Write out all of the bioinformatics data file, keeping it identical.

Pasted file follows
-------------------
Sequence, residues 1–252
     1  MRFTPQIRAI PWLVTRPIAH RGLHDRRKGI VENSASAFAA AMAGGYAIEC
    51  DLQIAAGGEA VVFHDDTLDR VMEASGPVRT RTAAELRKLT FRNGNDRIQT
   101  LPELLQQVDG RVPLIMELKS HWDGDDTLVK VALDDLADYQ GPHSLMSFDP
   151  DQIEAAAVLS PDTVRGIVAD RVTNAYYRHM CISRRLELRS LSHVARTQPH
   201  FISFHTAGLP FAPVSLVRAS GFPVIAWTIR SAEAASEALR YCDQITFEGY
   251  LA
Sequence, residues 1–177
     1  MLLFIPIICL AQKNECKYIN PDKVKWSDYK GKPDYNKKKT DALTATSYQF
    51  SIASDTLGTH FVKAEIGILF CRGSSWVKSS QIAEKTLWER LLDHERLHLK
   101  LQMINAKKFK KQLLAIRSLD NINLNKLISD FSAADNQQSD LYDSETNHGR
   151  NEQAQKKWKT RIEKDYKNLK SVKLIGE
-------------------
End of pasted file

Sequence, residues 1–252
     1  MRFTPQIRAI PWLVTRPIAH RGLHDRRKGI VENSASAFAA AMAGGYAIEC
    51  DLQIAAGGEA VVFHDDTLDR VMEASGPVRT RTAAELRKLT FRNGNDRIQT
   101  LPELLQQVDG RVPLIMELKS HWDGDDTLVK VALDDLADYQ GPHSLMSFDP
   151  DQIEAAAVLS PDTVRGIVAD RVTNAYYRHM CISRRLELRS LSHVARTQPH
   201  FISFHTAGLP FAPVSLVRAS GFPVIAWTIR SAEAASEALR YCDQITFEGY
   251  LA
Sequence, residues 1–177
     1  MLLFIPIICL AQKNECKYIN PDKVKWSDYK GKPDYNKKKT DALTATSYQF
    51  SIASDTLGTH FVKAEIGILF CRGSSWVKSS QIAEKTLWER LLDHERLHLK
   101  LQMINAKKFK KQLLAIRSLD NINLNKLISD FSAADNQQSD LYDSETNHGR
   151  NEQAQKKWKT RIEKDYKNLK SVKLIGE